As Mainers, we all want pretty much the same things for ourselves and our families. We want a stable job to pay the bills. We want to know that, as long as we work hard, we can give our kids the opportunities they need to live comfortably and reach their potential.
As a state representative, I hear from my constituents in Brewer. They say they’re frustrated by an economy that doesn’t seem to be improving like they’ve been told it is, and they see their tax dollars going to welfare programs that don’t seem to work while they themselves are struggling to get by.
The same old approach isn’t working for taxpayers and it isn’t working for the people who need help. It’s time to take a hard look at the way we’ve been doing things. Maine’s welfare system is broken.
These policies have failed to lift people out of poverty and help Mainers who are truly in need succeed. For too many of our neighbors, it’s harder and harder to achieve economic stability. Too many Mainers can’t find work, and when there is work, the wages are lower and the hours it takes to put food on the table and keep a roof overhead are longer.
More children are living in poverty. Over the past five years, the rate of Maine kids living in extreme poverty has increased by 50 percent. During that same period, single-parent families in poverty increased by 12 percent.
That’s why I’m working with my colleagues in the Legislature to change our approach. Mainers want accountability, efficiency and programs that are effective in moving welfare recipients into stable employment so that they can be independent. It will take big changes, but we can create a better system.
Democrats have a plan to make sure welfare programs are doing a better job of helping the people who truly need them while also putting safeguards in place against fraud and abuse.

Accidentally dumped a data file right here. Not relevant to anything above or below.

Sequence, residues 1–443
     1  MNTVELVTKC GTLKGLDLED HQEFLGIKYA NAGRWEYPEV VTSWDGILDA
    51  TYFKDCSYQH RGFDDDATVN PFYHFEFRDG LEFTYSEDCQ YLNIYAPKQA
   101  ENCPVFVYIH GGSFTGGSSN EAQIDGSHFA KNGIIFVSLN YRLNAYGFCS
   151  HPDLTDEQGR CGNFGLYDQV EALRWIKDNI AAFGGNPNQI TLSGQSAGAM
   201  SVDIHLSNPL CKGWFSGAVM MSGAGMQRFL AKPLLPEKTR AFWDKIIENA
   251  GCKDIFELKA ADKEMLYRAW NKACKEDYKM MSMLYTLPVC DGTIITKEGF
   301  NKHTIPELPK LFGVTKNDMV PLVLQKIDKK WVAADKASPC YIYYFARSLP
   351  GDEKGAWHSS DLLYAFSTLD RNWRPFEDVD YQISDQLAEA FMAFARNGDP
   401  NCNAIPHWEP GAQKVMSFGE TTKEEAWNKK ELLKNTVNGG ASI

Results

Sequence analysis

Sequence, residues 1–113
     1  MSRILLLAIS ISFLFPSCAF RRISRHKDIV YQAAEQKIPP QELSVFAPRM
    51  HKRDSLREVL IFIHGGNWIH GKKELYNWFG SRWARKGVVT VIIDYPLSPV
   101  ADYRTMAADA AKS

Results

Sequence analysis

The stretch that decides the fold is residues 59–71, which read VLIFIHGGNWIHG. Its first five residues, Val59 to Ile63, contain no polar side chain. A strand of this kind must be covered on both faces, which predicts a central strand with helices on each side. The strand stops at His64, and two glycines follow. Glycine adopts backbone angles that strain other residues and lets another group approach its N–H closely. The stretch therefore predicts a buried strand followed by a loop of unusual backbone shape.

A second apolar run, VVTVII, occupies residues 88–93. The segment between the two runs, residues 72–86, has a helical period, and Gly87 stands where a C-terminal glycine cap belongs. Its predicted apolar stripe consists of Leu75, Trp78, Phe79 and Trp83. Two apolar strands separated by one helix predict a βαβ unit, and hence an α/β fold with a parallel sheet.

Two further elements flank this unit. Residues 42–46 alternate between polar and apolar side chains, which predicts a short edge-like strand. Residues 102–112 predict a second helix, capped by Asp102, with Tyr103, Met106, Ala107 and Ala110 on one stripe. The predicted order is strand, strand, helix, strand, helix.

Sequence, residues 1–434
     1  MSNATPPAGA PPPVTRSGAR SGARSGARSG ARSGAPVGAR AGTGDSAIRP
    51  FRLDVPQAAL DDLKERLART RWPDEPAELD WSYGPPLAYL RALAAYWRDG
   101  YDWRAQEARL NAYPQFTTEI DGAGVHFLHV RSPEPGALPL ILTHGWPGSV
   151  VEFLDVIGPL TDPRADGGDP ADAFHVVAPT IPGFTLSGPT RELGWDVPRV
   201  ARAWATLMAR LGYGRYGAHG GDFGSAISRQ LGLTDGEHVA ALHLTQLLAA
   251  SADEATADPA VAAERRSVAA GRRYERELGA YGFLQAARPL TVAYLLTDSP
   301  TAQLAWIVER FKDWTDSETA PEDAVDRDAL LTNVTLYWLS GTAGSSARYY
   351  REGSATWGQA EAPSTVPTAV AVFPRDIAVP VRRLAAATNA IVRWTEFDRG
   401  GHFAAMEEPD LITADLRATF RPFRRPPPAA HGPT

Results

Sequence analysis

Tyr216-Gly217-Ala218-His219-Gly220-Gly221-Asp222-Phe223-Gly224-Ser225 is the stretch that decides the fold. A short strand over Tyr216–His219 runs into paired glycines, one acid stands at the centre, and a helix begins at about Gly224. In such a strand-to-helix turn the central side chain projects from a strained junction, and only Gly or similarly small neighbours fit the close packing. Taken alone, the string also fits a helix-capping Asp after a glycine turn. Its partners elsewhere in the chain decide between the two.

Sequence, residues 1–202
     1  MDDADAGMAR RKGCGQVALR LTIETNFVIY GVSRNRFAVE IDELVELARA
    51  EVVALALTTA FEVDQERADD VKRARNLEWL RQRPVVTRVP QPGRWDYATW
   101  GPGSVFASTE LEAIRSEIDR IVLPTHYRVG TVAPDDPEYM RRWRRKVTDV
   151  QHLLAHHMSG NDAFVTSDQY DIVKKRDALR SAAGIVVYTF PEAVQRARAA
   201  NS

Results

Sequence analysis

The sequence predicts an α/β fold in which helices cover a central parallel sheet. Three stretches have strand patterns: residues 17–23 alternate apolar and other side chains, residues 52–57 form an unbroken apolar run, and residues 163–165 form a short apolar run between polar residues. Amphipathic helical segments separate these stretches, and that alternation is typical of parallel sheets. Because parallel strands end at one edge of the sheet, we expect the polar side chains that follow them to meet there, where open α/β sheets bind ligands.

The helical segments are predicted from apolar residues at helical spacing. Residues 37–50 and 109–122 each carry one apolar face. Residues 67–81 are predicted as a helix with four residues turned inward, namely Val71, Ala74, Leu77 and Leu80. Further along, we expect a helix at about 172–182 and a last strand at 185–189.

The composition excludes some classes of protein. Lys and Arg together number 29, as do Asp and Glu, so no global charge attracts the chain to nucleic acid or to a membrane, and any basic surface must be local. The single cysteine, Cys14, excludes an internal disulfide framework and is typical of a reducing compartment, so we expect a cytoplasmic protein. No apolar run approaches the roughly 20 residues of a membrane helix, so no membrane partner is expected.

Our “Welfare That Works” policies focus on good, stable jobs as the best pathway off welfare and to independence. Right now, we rely on a one-size-fits-all program instead of targeting resources in a way that gives recipients the best chance at success.
Instead of expecting the same strategies to work for everyone, our new approach will focus on individual, targeted services. It requires recipients to work, helps with job placement and provides a transitional jobs program to promote on-the-job skills and experience for those who are struggling to find work. It also focuses on long-term stability and success by providing education and job training.
We’ll also put new policies in place to stop fraud and abuse within our welfare programs before they happen. Taxpayers shouldn’t have to worry that these programs are going to tobacco, alcohol or other inappropriate uses instead of basic necessities like food and heat as intended.
One important way to do this is to rethink the way we provide benefits. We can make these programs less vulnerable to abuse by replacing hard-to-monitor cash benefits with assistance that goes directly to housing. This will ensure benefits are being used to achieve stable housing, which is one of the most important ingredients to allow families to build better lives.
To further prevent inappropriate use of benefits, we will put reasonable restrictions on how cash assistance can be used and create a point-of-sale system to block the purchase of banned items with EBT cards.
To make sure these efforts pay off, we’ll establish benchmarks and goals to hold the programs accountable. And we’ll establish a Citizens Oversight Board so that Maine people have a way to make sure welfare programs are transparent and delivering real results.
Our plan does all this without asking for any additional funds to be put into the system.
That’s what these programs should be — efficient and effective. We all want to make sure Mainers who have fallen on hard times can get back on their feet and take care of themselves. We want parents to have the tools to keep their kids out of poverty. We can achieve that — and make better use of taxpayer dollars at the same time. Let’s get to work.
Rep. Arthur “Archie” Verow is serving his second term in the Maine House. He is a member of the Transportation Committee and represents the majority of Brewer.